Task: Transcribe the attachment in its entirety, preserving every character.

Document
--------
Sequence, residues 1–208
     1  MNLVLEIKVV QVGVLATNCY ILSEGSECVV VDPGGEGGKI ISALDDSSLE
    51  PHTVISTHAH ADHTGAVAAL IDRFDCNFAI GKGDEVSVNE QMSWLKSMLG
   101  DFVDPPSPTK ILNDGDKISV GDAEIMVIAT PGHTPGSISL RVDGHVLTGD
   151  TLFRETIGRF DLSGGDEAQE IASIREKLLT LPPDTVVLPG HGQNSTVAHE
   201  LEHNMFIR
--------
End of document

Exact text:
Sequence, residues 1–208
     1  MNLVLEIKVV QVGVLATNCY ILSEGSECVV VDPGGEGGKI ISALDDSSLE
    51  PHTVISTHAH ADHTGAVAAL IDRFDCNFAI GKGDEVSVNE QMSWLKSMLG
   101  DFVDPPSPTK ILNDGDKISV GDAEIMVIAT PGHTPGSISL RVDGHVLTGD
   151  TLFRETIGRF DLSGGDEAQE IASIREKLLT LPPDTVVLPG HGQNSTVAHE
   201  LEHNMFIR